France aims to protect kids from parents oversharing pics online



PARIS — French parents had better think twice before posting too many pictures of their offspring on social media.

On Tuesday, members of the National Assembly’s law committee unanimously green-lit draft legislation to protect children’s rights to their own images.

“The message to parents is that their job is to protect their children’s privacy,” Bruno Studer, an MP from President Emmanuel Macron’s party who put the bill forward, said in an interview. “On average, children have 1,300 photos of themselves circulating on social media platforms before the age of 13, before they are even allowed to have an account,” he added.

The French president and his wife Brigitte have made child protection online a political priority. Lawmakers are also working on age-verification requirements for social media and rules to limit kids’ screen time.

Studer, who was first elected in 2017, has made a career out of child safety online. In the past few years, he authored two groundbreaking pieces of legislation: one requiring smartphone and tablet manufacturers to give parents the option to control their children’s internet access, and another introducing legal protections for YouTube child stars.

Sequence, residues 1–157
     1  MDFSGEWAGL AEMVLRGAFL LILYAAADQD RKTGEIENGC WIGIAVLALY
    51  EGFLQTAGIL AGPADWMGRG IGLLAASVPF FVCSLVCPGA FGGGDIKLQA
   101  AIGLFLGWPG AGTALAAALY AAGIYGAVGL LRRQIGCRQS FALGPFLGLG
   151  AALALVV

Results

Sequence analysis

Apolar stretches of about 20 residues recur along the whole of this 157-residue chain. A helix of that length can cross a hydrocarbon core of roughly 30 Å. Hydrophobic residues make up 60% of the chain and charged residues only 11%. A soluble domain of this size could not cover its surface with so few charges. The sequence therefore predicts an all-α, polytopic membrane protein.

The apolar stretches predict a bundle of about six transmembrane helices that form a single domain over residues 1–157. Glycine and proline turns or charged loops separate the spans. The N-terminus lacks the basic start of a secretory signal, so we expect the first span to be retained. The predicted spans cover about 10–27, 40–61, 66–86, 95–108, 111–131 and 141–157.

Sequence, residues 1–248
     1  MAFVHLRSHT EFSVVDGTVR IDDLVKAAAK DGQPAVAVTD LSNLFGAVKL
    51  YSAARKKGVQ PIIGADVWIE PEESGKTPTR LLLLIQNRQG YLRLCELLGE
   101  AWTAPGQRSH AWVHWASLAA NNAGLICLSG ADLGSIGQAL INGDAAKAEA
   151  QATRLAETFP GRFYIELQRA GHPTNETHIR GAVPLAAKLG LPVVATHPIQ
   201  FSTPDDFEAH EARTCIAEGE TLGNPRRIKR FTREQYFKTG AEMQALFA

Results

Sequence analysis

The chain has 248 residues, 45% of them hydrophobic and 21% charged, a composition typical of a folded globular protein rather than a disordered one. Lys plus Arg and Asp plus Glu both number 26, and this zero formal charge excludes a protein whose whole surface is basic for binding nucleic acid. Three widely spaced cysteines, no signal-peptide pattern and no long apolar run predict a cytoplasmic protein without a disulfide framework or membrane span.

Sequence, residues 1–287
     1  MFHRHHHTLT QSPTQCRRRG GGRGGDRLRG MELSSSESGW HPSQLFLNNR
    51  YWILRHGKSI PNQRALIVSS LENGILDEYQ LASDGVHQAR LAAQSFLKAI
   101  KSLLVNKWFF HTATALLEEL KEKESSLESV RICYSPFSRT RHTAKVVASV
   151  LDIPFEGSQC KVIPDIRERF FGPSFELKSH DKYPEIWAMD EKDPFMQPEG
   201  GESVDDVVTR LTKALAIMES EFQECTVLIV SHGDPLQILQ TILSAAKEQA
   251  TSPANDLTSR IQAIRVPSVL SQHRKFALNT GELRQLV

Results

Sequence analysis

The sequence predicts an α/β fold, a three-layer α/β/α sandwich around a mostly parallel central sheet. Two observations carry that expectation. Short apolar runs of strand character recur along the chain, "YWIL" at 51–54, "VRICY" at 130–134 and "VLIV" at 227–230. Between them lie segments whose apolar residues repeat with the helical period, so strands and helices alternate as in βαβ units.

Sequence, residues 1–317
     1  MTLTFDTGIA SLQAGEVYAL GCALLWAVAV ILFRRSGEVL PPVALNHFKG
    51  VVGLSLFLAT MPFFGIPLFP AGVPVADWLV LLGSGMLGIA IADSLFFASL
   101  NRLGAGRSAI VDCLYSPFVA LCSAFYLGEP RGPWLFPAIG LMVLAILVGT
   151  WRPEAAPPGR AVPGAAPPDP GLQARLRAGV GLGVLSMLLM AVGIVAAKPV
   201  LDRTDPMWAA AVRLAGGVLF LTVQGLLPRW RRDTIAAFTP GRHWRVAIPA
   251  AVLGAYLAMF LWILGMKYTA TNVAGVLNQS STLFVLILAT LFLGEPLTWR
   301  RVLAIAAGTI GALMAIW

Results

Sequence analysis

So-called sharenting (combining “sharing” and “parenting,” referring to posting sensitive pictures of one’s kids online) constitutes one of the main risks to children’s privacy, according to the bill’s explanatory statement. Half of the pictures shared by child sexual abusers were initially posted by parents on social media, according to reports by the National Center for Missing and Exploited Children, mentioned in the text.

The legislation adopted on Tuesday includes protecting their children’s privacy among parents’ legal duties. Both parents would be jointly responsible for their offspring’s image rights and “shall involve the child … according to his or her age and degree of maturity.”

In case of disagreement between parents, a judge can ban one of them from posting or sharing a child’s pictures without authorization from the other. And in the most extreme cases, parents can lose their parental authority over their kids’ image rights “if the dissemination of the child’s image by both parents seriously affects the child’s dignity or moral integrity.”

The bill still needs to go through a plenary session next week and the Senate before it would become law.

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